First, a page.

So, we have to be prepared and we have to anticipate these things. And when you handle as many divorce cases as we do, we’re able to sort of use past experiences and other fact patterns and other evidence.

Carrie: To protect them.

Anthony Moreno: To protect them, to guesstimate what the other person is going to do and in turn protect you from whatever that might be.

Carrie: One of the things on there’s such a wealth of information on your website, on your Facebook pages and things like that. But one of the questions that comes up besides how much is this gonna cost me in terms of attorney fees is, can I survive this financially long term? Because it cuts your finances in half.

Anthony Moreno: Exactly, I mean you’re going from having a two-person income sharing all of the bills typically, does not always but typically to being on your own and depending on child support maybe or potentially spousal support payments. And in my practice at least with the clients that I have served, spousal maintenance is not common. It’s not something that the courts readily order and it’s typically not something that people readily agree to. Because those are your two options and divorce.

Your two options are we agree to something or the judge decides everything. And most spouses are not saying, absolutely I’ll pay you X amount of dollars for the next X amount of years or forever. It just doesn’t happen, that’s what a lot of people come in for is like, hey I absolutely don’t want to pay my spouse alimony, how can I avoid that. So, we take a look at that and we say, okay and we would draft what’s called an income and expense statement. And so, your income and expense statement is a verified statement meaning you signed it in front of a notary. It’s you’re saying it’s true the whole truth and nothing but the truth as to what your monthly average incoming and outgoing expenses look like.

And then the other, the opposing party will have to fill out the same and we can compare the two and we can decide if we believe that this is an ideal case for spousal support. Spousal support is designed to help you get back on your feet, it’s typically not designed to be a permanent scenario, but it is designed to help you either acquire additional education, time to get a better job. And I mean, I believe that spousal support was initially created to protect the stay-at-home wife. It was designed to protect the husband who was the breadwinner, the wife who stayed at home and took care of the kids.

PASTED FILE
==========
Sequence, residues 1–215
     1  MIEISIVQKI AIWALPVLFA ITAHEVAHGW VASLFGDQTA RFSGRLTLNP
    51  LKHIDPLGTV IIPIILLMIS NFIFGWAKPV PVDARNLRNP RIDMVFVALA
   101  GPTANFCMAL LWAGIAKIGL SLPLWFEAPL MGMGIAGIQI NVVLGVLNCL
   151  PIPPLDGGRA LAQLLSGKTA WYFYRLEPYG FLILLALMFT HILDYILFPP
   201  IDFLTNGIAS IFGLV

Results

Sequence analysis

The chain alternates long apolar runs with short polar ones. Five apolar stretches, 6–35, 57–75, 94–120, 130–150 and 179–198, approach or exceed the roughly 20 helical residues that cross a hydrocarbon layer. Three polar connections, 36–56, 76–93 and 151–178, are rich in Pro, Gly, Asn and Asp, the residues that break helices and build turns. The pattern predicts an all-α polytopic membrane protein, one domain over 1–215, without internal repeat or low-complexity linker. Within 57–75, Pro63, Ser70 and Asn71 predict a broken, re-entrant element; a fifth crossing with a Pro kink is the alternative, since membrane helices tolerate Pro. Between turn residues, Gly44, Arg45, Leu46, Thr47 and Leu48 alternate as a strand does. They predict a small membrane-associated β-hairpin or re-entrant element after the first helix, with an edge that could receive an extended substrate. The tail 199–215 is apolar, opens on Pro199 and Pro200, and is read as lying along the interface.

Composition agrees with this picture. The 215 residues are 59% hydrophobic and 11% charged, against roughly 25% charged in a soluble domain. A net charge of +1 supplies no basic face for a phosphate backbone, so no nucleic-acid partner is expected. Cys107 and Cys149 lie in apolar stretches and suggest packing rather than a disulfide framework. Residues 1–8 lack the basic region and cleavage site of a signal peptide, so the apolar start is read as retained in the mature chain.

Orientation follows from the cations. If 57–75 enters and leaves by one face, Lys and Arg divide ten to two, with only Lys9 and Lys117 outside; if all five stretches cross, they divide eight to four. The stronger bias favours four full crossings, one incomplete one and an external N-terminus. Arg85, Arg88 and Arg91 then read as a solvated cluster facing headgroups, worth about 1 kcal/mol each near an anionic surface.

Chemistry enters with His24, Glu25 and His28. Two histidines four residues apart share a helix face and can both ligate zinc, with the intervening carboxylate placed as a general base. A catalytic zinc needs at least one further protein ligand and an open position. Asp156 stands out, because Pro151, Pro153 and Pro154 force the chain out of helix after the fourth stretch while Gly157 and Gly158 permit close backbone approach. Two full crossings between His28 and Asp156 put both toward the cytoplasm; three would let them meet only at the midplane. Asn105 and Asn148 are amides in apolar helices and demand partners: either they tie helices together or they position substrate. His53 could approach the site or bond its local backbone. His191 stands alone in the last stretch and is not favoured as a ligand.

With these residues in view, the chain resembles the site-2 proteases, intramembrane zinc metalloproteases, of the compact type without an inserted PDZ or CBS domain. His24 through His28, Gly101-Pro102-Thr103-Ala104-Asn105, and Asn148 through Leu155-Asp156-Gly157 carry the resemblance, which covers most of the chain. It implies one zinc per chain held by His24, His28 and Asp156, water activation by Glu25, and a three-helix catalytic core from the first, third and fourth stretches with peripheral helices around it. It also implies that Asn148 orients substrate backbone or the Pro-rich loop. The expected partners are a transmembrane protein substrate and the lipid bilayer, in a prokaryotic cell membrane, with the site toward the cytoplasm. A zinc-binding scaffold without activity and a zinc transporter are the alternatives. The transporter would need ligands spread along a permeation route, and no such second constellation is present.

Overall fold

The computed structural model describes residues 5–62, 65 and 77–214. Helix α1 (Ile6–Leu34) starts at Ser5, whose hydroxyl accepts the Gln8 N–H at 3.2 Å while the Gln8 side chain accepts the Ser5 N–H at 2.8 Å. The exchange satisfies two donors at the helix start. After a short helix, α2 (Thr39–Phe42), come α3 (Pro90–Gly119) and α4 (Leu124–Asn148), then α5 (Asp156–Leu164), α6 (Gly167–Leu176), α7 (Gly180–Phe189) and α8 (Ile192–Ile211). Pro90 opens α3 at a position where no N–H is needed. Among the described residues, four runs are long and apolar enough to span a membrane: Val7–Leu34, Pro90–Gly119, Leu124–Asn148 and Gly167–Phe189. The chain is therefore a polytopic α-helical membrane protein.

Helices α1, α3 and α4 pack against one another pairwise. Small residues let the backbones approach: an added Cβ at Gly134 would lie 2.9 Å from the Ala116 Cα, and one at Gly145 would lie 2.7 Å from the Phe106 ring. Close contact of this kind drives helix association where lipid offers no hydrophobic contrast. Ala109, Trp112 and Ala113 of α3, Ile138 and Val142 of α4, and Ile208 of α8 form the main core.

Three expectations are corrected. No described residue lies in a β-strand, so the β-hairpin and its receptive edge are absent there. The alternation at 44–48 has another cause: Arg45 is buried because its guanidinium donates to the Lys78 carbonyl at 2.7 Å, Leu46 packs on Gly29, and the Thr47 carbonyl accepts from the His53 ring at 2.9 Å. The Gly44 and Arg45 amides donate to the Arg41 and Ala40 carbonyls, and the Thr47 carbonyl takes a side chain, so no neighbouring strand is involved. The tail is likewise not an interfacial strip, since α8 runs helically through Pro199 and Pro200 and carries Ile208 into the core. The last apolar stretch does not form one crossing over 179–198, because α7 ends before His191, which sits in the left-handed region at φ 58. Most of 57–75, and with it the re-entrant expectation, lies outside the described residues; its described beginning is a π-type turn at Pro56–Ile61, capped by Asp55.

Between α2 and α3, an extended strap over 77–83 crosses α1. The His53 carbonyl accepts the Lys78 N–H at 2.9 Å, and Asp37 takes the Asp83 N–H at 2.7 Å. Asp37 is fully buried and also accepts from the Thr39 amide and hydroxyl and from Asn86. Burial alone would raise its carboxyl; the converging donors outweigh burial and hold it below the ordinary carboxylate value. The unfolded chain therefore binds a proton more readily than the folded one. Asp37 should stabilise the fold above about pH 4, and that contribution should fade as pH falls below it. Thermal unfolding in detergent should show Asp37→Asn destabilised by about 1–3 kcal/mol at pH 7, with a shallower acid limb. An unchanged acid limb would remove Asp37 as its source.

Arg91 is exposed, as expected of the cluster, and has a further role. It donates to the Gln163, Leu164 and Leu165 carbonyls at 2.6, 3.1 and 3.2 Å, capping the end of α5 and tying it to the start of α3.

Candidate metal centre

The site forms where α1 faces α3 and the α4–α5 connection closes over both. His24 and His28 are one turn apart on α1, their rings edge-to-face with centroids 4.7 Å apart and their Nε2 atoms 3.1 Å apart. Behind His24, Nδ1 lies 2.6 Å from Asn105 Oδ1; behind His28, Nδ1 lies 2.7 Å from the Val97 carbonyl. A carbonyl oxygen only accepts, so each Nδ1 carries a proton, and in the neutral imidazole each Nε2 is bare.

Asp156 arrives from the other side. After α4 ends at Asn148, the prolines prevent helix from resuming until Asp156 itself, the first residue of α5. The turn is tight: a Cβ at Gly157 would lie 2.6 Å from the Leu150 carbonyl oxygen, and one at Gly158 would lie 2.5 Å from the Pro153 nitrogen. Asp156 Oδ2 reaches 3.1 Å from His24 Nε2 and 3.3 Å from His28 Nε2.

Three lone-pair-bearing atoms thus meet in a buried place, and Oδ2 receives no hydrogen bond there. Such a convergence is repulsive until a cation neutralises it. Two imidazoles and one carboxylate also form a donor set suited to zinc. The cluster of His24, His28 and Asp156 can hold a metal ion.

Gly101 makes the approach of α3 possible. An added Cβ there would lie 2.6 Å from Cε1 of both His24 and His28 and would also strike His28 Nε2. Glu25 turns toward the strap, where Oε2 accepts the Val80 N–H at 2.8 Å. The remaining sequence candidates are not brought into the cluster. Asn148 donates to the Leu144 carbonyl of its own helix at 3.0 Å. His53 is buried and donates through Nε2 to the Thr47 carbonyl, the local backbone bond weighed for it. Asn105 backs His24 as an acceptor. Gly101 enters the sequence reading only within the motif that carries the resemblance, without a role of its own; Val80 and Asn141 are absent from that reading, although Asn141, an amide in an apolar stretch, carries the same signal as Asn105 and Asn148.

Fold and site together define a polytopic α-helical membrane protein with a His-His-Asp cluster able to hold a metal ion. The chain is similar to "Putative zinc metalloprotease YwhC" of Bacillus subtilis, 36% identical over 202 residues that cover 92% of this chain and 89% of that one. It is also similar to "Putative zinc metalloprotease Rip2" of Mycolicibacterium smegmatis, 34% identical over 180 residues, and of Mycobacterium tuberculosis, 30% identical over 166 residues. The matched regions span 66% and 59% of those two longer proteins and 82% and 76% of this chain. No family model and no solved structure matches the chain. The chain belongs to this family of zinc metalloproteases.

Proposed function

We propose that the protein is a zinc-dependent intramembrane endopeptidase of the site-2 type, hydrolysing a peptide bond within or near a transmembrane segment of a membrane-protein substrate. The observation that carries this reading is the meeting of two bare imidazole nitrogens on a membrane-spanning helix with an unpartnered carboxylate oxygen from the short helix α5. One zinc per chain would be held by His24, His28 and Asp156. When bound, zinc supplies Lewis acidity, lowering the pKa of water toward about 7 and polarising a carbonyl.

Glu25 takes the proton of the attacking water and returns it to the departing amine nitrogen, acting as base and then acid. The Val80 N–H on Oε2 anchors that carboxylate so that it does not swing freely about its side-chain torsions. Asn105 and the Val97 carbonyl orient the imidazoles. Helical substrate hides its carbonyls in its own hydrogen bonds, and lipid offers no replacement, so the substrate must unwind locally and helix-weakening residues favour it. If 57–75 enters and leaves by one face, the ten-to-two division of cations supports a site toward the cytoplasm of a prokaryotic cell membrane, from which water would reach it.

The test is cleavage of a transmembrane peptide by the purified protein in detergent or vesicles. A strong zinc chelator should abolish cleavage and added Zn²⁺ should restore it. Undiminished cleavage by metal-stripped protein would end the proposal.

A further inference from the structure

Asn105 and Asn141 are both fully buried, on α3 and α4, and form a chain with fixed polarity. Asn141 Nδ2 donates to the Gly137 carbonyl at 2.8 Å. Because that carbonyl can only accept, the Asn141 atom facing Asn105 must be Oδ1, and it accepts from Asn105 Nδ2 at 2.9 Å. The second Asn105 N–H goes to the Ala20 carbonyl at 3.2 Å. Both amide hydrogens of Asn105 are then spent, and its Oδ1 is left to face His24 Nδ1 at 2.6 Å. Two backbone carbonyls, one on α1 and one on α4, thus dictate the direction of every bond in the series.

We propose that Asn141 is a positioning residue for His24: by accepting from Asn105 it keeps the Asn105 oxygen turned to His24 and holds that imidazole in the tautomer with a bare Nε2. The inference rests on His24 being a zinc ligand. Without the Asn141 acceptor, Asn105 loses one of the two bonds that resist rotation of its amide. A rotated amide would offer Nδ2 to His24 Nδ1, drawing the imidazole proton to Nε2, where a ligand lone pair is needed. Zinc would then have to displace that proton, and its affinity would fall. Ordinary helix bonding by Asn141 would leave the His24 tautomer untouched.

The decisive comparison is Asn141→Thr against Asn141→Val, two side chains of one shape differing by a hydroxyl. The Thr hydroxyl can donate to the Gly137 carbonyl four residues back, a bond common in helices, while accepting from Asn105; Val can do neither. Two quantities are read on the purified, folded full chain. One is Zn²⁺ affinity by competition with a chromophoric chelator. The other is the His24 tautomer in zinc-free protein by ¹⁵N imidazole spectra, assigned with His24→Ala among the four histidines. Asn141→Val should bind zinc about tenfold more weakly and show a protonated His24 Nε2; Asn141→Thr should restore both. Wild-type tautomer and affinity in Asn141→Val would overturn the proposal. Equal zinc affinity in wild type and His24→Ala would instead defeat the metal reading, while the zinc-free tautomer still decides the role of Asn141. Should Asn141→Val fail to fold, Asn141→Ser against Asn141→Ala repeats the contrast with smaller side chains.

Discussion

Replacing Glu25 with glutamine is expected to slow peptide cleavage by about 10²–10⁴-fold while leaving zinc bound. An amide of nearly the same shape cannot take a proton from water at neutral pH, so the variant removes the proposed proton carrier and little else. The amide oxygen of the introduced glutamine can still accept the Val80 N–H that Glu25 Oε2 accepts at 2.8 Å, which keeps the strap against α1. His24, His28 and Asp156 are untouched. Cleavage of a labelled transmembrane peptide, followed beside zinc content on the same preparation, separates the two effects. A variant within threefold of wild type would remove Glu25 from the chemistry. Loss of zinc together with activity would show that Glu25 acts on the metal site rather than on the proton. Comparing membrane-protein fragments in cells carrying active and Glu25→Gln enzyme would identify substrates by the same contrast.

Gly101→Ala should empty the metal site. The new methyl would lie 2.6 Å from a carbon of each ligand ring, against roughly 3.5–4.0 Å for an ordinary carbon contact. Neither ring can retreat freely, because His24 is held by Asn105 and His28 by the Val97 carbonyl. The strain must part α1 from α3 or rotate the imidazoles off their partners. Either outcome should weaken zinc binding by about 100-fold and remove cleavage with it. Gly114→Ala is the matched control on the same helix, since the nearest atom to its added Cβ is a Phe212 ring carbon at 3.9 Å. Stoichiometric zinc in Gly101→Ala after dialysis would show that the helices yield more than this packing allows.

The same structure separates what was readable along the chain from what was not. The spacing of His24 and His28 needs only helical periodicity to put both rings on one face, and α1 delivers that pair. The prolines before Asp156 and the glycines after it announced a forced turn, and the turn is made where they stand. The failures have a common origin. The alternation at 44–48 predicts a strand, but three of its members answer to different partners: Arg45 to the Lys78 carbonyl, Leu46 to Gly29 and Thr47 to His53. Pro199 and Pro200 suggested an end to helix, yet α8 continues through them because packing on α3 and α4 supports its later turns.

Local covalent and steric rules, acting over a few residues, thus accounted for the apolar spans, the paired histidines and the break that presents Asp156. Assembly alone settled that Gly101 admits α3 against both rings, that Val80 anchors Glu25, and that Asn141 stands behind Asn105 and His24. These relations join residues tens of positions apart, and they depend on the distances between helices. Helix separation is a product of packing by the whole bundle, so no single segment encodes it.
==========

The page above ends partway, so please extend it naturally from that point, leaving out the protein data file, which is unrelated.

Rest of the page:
Carrie: Or put him through medical school.

Anthony Moreno: Or put him through medical school, and then he you know goes off and marries his secretary or whatever. And then so now she’s stuck with no formal education, hasn’t worked in ten years and children to take care of. And so, the laws back then were designed to protect that spouse from being sort of you know just left out on the curb.

Carrie: Yeah, for sure. So, when we talk about this and we haven’t talked that much about the child custody thing. And I think we may touch on that another time because as a whole different thing. But based on your experiences, what are some ways to sort of navigate an amical divorce, where emotions are protected, where the children are as protected as possible. It really involves kind of putting your ego and your rights even on the Shelf. Doesn’t it?

Anthony Moreno: It does, and I think rule number one I think the the biggest thing you can do to help your case is, don’t talk about the case with your kids. It’s one thing to completely degrade your spouse to the children like that’s just a hundred and fifty percent unacceptable, but don’t talk to them about the case at all. They don’t need updates on what’s going on, they don’t need to know when people are going to court, they need to go to school. They need to go to school and they need to focus on their daily lives being kept as normal as possible.